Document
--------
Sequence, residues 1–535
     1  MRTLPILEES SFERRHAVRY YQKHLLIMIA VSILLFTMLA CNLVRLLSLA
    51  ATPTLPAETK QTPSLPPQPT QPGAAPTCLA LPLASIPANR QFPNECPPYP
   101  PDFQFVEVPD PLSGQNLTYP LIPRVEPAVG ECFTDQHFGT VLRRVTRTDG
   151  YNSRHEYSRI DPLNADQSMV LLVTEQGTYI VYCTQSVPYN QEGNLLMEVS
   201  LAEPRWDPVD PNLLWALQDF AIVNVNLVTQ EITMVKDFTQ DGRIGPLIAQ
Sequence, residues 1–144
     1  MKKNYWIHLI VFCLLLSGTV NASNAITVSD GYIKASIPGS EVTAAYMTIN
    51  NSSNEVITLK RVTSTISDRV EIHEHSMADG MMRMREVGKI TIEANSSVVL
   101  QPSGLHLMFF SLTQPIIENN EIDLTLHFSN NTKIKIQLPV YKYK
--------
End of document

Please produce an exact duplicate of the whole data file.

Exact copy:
Sequence, residues 1–535
     1  MRTLPILEES SFERRHAVRY YQKHLLIMIA VSILLFTMLA CNLVRLLSLA
    51  ATPTLPAETK QTPSLPPQPT QPGAAPTCLA LPLASIPANR QFPNECPPYP
   101  PDFQFVEVPD PLSGQNLTYP LIPRVEPAVG ECFTDQHFGT VLRRVTRTDG
   151  YNSRHEYSRI DPLNADQSMV LLVTEQGTYI VYCTQSVPYN QEGNLLMEVS
   201  LAEPRWDPVD PNLLWALQDF AIVNVNLVTQ EITMVKDFTQ DGRIGPLIAQ
Sequence, residues 1–144
     1  MKKNYWIHLI VFCLLLSGTV NASNAITVSD GYIKASIPGS EVTAAYMTIN
    51  NSSNEVITLK RVTSTISDRV EIHEHSMADG MMRMREVGKI TIEANSSVVL
   101  QPSGLHLMFF SLTQPIIENN EIDLTLHFSN NTKIKIQLPV YKYK